"Everywhere around them, people fled into the streets, covered in gray dust and blood. No sirens rang. No ambulances came to help the wounded. No police cars or emergency crews hurried to the scene. There weren’t any left."
"Mahmoud screamed. He howled louder than a fighter jet, and his parents didn’t even tell him to hush. Lights came on in houses nearby, and curtains ruffled as people looked out at the noise. Mahmoud’s mother broke down in tears, and his father let the life jackets he carried drop to the ground. The smuggler had just told them their boat wasn’t leaving tonight. Again. “No boat today. Tomorrow. Tomorrow,” he’d told Mahmoud’s father."
"Suddenly, Josef saw what he had to do. He slapped his father across the face. Hard. Papa staggered in surprise, and Josef felt just as shocked as his father looked. Josef couldn’t believe what he’d just done. Six months ago, he would never have even dreamed of striking any adult, let alone his father. Papa would have punished him for such disrespect. But in the past six months, Josef and his father had traded places. Papa was the one acting like a child, and Josef was the adult."
“Thank you! Thank you!” Isabel cried. Her heart ached with gratitude toward these people. Just a moment’s kindness from each of them might mean the difference between death and survival for her mother and everyone else on the little raft."
"The vacationers dropped their voices, and even though Mahmoud couldn’t understand what they were saying, he could hear the disgust in their words. This wasn’t what the tourists had paid for. They were supposed to be on holiday, seeing ancient ruins and beautiful Greek beaches, not stepping over filthy, praying refugees. They only see us when we do something they don’t want us to do, Mahmoud realized."
“I wish from the bottom of my heart that you will land soon, Little Man,” Officer Padron said again. “I’m sorry. I’m just doing my job.” Josef looked deep into Officer Padron’s eyes, searching for some sign of help, some hint of sympathy. Officer Padron just looked away."
“We’re not criminals!” one of the other men in the cell yelled at him. “We didn’t ask for civil war! We didn’t want to leave our homes!” another man yelled. “We’re refugees!” Mahmoud yelled, unable to stay silent any longer. “We need help!”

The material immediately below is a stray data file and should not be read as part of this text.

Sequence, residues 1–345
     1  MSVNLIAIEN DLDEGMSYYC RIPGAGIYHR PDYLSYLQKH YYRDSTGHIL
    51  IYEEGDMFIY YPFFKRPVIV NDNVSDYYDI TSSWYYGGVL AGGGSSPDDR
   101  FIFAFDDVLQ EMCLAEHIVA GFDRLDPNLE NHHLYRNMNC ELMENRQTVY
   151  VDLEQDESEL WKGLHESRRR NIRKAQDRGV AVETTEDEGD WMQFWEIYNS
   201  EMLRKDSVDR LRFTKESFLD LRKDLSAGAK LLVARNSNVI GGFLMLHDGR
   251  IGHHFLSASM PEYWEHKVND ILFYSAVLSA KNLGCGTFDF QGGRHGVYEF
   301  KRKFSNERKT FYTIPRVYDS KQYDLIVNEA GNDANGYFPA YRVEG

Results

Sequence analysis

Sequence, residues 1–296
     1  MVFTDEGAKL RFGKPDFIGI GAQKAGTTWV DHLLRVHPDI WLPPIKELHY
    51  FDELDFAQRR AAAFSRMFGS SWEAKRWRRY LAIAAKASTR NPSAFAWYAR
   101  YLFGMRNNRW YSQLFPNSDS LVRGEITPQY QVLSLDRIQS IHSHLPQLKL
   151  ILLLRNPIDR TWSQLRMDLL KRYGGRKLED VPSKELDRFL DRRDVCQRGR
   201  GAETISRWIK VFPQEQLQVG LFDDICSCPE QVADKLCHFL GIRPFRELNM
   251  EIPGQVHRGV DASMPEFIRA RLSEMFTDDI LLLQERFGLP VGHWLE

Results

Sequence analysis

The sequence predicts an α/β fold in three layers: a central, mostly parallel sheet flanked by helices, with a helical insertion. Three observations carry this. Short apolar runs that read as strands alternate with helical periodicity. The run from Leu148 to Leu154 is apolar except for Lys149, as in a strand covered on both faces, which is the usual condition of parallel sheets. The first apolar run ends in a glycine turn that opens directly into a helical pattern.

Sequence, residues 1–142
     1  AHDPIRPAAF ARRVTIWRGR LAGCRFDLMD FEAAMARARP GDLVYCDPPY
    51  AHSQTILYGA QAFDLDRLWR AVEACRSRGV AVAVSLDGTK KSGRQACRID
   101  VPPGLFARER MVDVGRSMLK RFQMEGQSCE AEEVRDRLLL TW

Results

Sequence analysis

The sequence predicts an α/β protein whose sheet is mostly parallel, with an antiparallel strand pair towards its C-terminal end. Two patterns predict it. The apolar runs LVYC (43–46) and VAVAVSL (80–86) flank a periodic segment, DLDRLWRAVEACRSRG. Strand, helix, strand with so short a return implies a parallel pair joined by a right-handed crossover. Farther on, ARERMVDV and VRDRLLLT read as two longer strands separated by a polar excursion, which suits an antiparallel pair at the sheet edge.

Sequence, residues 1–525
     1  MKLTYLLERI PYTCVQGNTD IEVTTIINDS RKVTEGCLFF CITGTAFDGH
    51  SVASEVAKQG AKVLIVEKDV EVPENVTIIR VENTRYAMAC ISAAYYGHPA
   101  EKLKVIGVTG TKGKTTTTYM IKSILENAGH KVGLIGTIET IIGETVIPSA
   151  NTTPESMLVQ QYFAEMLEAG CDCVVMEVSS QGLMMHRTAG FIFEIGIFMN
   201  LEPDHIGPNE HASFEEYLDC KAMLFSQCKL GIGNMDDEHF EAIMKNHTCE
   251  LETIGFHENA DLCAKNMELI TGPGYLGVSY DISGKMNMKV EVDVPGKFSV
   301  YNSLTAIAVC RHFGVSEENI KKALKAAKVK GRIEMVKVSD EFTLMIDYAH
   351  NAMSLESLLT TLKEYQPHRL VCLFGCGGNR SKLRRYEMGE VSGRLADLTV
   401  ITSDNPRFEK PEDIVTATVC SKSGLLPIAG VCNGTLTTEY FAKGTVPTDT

“Don’t you see?” Lito said. “The Jewish people on the ship were seeking asylum, just like us. They needed a place to hide from Hitler. From the Nazis. Mañana, we told them. We’ll let you in mañana. But we never did.” Lito was crying now, distraught. “We sent them back to Europe and Hitler and the Holocaust. Back to their deaths. How many of them died because we turned them away? Because I was just doing my job?”
Whether you were visible or invisible, it was all about how other people reacted to you. Good and bad things happened either way. If you were invisible, the bad people couldn’t hurt you, that was true. But the good people couldn’t help you, either."
"She was finally counting clave. Lito was wrong. She didn’t have to be in Havana to hear it. To feel it. She had brought Cuba with her to Miami."
"I don’t remember much about him, but I do remember he always wanted to be a grown-up. “I don’t have time for games,” he would tell me. “I’m a man now.” And when those soldiers said one of us could go free and the other would be taken to a concentration camp, Josef said, “Take me.” My brother, just a boy, becoming a man at last."
He was filled with sadness for the boy his age. The boy who had died so Ruthie could live. But Mahmoud was also filled with gratitude. Josef had died so Ruthie could live, and one day welcome Mahmoud and his family into her house."
(These instructions are completely customizable. After clicking "Use This Assignment With My Students", update the instructions on the Edit Tab of the assignment.)
Objective: Create a storyboard that identifies your favorite quote or scene in Refugee. Illustrate the scene and write why you chose it.
Grade Level 6-8
Difficulty Level 3 (Developing to Mastery)
Type of Assignment IndividualCommon Core Standards